Although we received no information prior to the Governor's press conference yesterday afternoon, we have long recognized that the Governor had the authority to implement an Executive Order which carries the same authority as law. Dr. Jason Glass, Kentucky Department of Education Commissioner, indicated during a conference call yesterday afternoon that he would remove any Superintendent or Board member who did not comply with the Governor's order. Despite this mandate, please know that we will continue advocating for in-person instruction because we understand firsthand how critical this is for so many of our students.

Our school level leaders and staff have prepared for this possible scenario from the very beginning; however, our successful implementation of the hybrid model gave us great confidence that we would be able to continue offering our current hybrid schedule. As of today, we still have no evidence of the virus spreading between students during the school day and none of our quarantined students have tested positive since school began August 24.

There will be no change for our Virtual Academy students and our students on the Hybrid Schedule will transition to all online learning through Google Classroom. I am proud of our staff's dedication and commitment toward providing quality instruction during this unprecedented time. Please note that attendance is based upon daily participation; therefore, we ask that you encourage your child to participate and complete each of their daily assignments. Your teacher(s) will reach out to you with specific expectations for their classroom, including any required virtual meetings and the process for posting and/or completing assignments.

I am including some additional information that may benefit your family as we transition to distance learning:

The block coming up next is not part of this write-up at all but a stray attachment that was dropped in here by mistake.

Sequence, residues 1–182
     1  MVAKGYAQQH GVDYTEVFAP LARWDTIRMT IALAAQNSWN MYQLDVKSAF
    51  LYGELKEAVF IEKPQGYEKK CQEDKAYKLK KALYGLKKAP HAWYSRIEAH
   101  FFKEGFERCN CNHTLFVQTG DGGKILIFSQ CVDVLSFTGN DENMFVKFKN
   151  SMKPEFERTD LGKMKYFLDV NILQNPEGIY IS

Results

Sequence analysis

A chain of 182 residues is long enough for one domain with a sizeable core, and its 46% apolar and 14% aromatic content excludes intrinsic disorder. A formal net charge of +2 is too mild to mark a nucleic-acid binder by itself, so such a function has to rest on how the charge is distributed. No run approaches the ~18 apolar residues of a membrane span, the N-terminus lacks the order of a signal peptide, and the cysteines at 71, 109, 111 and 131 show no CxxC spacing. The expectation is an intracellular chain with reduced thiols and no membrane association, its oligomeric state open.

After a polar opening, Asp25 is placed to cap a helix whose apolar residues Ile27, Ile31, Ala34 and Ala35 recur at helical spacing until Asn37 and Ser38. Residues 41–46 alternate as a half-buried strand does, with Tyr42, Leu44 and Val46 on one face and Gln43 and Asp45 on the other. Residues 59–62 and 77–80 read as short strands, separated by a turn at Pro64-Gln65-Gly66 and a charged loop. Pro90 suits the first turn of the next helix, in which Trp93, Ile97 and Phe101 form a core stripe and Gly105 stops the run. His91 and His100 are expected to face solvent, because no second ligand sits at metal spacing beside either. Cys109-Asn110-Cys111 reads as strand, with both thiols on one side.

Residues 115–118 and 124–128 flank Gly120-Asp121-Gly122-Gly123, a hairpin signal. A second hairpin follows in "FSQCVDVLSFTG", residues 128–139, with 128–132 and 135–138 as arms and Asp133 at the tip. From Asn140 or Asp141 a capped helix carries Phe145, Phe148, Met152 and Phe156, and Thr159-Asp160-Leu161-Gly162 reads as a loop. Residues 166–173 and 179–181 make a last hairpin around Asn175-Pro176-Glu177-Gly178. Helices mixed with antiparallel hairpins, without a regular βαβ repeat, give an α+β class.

WIFI and Hotspots: We will continue to offer free WiFi in the parking lots of each of our buildings and encourage families to utilize this resource. Several community churches and businesses are also partnering with us to provide supplemental internet access. You may reach out to your child's teacher for a more comprehensive list of these additional locations.

Food Distribution: We will continue to provide food distribution to our families throughout the closure. Meals will be available for pick at all school locations on Mondays and Thursdays from 11:00-12:30. Every child will be given three breakfasts and three lunches on each of those days. Children do need to be present during the pickup of these items. Additionally, all schools will offer delivery routes for food through our Transportation Department. That information will be shared directly from your building leader. *Please note that for the week of Thanksgiving Break, meals will be provided Tuesday Nov. 24th.*

Special Education/Exceptional Services: Students receiving support services will be contacted directly to discuss their educational plans and how we can best assist throughout this closure.

Although this is not the way I had anticipated saying "farewell" for the upcoming holiday, I would like to wish everyone a safe and relaxing time together. Take Care!


Rob Clayton."

Copyright 2020 WBKO. All rights reserved.